As we continued, I found myself alone for a long time and started to question if I was still on course after one of the splits. I've gone off course due to zoning out during two other 50Ks, so this isn't a random fear. However, I knew my path along the river made sense and kept going even though it felt like I hadn't seen a trail marking ribbon in 15 minutes. 

The next thing I knew, I turned a corner and saw Kevin! He'd come into the Rucky Chucky aid station (mile 16) to surprise me and I was absolutely thrilled. I badly needed a mental boost at that point, and I was happy to hear that Sophia and Jenny were doing well as he'd seen them come through earlier. An awesome Rucky Chucky volunteer took my pack and ziplock of Tailwind from me, filled and mixed it, and put it on my back before I left. It was incredibly helpful!

Next came more trail along the river, and I was happy to catch back up to Dennis shortly after the aid station. It kept getting hotter; we talked about approaching the river. Where was that darn river crossing?! I passed a few more people and eventually, finally, found the river crossing around mile 18.5. A volunteer told me the river would be waist-high and off I went. I hadn't carried a phone, so I had no electronics to worry about dunking in the water.

Crossing the American River. (Photo credit: Sophia)

Volunteers and ropes helped us cross the river, a wider and deeper water crossing than I've experienced so far in my trail races. The water was much colder than I expected and it took a few minutes to cross, so by the time time I exited the water my legs were pretty numb. On the other side I found Leigh Ann, another SF trail runner I was excited to see along the way. It might sound strange to be excited to see people I know, but I find it really inspiring and comforting during these long races.

The section after the river was uphill, and it took a few minutes to get the legs warm and back in the game. The trail opened up to wide fire road that rolled up and down for the next few miles. I started to feel pretty good, which enabled me to run more quickly through some of that section even on the rollers. We came upon the Browns Bar aid station one mile earlier than expected, but no complaints here - I was happy to have my Coca Cola fix at mile 22. (The aid station was supposed to be at mile 23, but had somehow ended up one mile back.)

The next part was pretty uneventful and involved more running along the wide, rolling fire road. About half mile before the No Hands Bridge aid station, I ran into Michael from the Bay Area, who was volunteering as a course marshal. Michael is aways positive and a joy to see along the course, whether he's running or volunteering!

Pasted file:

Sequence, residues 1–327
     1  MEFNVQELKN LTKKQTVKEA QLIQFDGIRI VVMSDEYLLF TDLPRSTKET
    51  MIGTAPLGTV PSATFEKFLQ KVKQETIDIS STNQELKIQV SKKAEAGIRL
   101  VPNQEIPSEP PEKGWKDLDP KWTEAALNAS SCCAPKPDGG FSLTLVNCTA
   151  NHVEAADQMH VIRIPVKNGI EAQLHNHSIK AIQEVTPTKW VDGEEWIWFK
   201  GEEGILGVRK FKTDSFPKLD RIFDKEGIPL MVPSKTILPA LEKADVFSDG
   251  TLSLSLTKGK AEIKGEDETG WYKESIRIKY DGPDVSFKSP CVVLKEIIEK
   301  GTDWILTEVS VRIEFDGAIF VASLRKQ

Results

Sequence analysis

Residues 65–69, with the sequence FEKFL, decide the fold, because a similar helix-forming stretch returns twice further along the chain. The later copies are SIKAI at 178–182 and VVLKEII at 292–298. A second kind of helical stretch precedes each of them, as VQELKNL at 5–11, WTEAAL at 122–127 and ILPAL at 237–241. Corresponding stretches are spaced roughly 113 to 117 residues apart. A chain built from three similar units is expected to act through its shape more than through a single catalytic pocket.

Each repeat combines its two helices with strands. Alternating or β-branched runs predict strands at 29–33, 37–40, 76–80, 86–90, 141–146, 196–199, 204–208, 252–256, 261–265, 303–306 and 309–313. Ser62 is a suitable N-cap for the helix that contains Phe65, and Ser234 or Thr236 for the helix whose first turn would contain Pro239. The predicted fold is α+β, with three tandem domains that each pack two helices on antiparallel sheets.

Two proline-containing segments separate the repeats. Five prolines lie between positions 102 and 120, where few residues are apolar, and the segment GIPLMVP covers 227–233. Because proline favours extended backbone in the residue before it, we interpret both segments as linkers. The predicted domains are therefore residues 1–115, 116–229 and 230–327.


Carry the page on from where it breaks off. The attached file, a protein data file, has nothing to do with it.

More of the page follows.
Selfie with Michael! (Photo credit: Michael)

At the No Hands Bridge aid station, I stopped to refill my pack with calories. I decided to take my chances with the on-course Gu Rocktane because I only had 4.2 miles to the finish and that would save me time over filling water and mixing Tailwind again. I've used Gu Rocktane a few times and it isn't ideal on my stomach, but in small doses it's ok. One volunteer asked me if I wanted to eat while the other one said 'no, she's gotta get going so she can get under 7 hours!' Although this was indeed my goal and I thought I had plenty of buffer, he spooked me a little and I left feeling flustered and without my treat of Coke. Oh well!

After crossing No Hands bridge the course heads uphill for 4 miles to the finish. Some of this is gradual uphill and it's not so bad, but by mile 26 the body is definitely feeling it. I killed this section when I ran Knickerbocker 35K in March, not so much during Overlook 50K. However, I'm still proud of myself for doing the best I could when it was hot and I was pretty darn tired. I focused on catching and passing people in front of me as I went, and this method of motivation was quite successful. I caught many people who had passed me earlier in the race and used each of those little wins to motivate myself even more.

By the time we hit the steeper uphill section to Auburn Overlook, I was feeling good and knew what to expect of the course from the Knickerbocker finish. I gave it what I had left, finishing in 6:48 for an overall 35 minute 50K PR. Even better, Sophia and Jenny also PR'd, making it a very happy day for all of us!

Finisher photo with Sophia and Jenny. (Photo credit: Jenny)

The race company spoiled us with a finish line party of burritos, local beer from Auburn Alehouse, and many snacks. I mostly went for the beer because my stomach takes liquids best after a race, and eventually I managed to eat part of a burrito too. The race swag was fantastic and included a nice cotton shirt, technical trucker hat, sticker, stainless steel pint glass, and bottle-opener keychain. All in all, I loved the course and race management, and I'd definitely consider repeating this event in the future.

Who doesn't love swag?

Following the race we enjoyed beer and dinner at Moonraker Brewing, and on Sunday morning Jenny facilitated yoga recovery on the deck. It was the perfect ending to the weekend!

Yoga with a view. (Photo credit: Sophia)


  1. Congratulations on the huge PR!!! Sounds like a beautiful course, if warm. :) (I also highly recommend adult coloring books & ridiculous sets of markers.)

  2. Awesome PR! Sometimes the mental battles are more challenging than just about anything else, so I'm glad you stuck to your race plan and knew you could run harder than your brain thought. I don't think that's your last 50k PR... :-)